Grub Street  

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Train wreck at Montparnasse (October 22, 1895) by Studio Lévy and Sons.
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Train wreck at Montparnasse (October 22, 1895) by Studio Lévy and Sons.

Until the early 19th century, Grub Street was a street close to London's impoverished Moorfields district that ran from Fore Street east of St Giles-without-Cripplegate north to Chiswell Street. Famous for its concentration of impoverished 'hack writers', aspiring poets, and low-end publishers and booksellers, Grub Street existed on the margins of London's journalistic and literary scene. It was pierced along its length with narrow entrances to alleys and courts, many of which retained the names of early signboards. Its bohemian society was set amidst the impoverished neighbourhood's low-rent flophouses, brothels, and coffeehouses.

According to Samuel Johnson's Dictionary, the term was "originally the name of a street... much inhabited by writers of small histories, dictionaries, and temporary poems, whence any mean production is called grubstreet." Johnson himself had lived and worked on Grub Street early in his career. The contemporary image of Grub Street was popularised by Alexander Pope in his Dunciad.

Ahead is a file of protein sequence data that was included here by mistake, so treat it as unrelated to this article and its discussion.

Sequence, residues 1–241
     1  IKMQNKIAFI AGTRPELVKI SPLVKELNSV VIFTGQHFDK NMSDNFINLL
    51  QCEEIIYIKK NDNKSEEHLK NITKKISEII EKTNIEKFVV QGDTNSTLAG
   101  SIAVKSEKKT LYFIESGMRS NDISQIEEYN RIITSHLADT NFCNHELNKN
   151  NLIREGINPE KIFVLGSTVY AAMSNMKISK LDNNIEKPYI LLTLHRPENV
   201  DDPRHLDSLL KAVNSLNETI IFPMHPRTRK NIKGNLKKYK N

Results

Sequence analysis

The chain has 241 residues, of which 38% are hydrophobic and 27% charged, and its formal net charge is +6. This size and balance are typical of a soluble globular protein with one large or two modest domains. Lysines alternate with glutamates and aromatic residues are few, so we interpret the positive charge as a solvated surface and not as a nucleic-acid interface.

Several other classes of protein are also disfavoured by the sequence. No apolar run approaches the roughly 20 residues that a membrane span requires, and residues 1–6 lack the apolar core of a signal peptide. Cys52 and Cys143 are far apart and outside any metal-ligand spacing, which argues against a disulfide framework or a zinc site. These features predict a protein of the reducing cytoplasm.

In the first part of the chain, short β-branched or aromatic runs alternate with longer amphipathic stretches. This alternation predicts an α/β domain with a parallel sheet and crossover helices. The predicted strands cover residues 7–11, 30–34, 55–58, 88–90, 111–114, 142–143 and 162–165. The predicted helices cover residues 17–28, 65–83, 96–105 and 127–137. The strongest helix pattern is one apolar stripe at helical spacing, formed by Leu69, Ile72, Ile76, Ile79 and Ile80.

The street name no longer exists, but Grub Street has since become a pejorative term for impoverished hack writers and writings of low literary value.

History

Until the early 19th century, Grub Street was the name of a street in London's impoverished Moorfields district. In the 1700s and 1800s, the street was famous for its concentration of mediocre, impoverished 'hack writers', aspiring poets, and low-end publishers and booksellers, who existed on the margins of the journalistic and literary scene. Grub Street's bohemian, impoverished literary scene was set amidst the poor neighbourhood's low-rent flophouses, brothels, and coffeehouses.

According to Samuel Johnson's Dictionary, the term was "originally the name of a street...much inhabited by writers of small histories, dictionaries, and temporary poems, whence any mean production is called grubstreet."

See also




Unless indicated otherwise, the text in this article is either based on Wikipedia article "Grub Street" or another language Wikipedia page thereof used under the terms of the GNU Free Documentation License; or on original research by Jahsonic and friends. See Art and Popular Culture's copyright notice.

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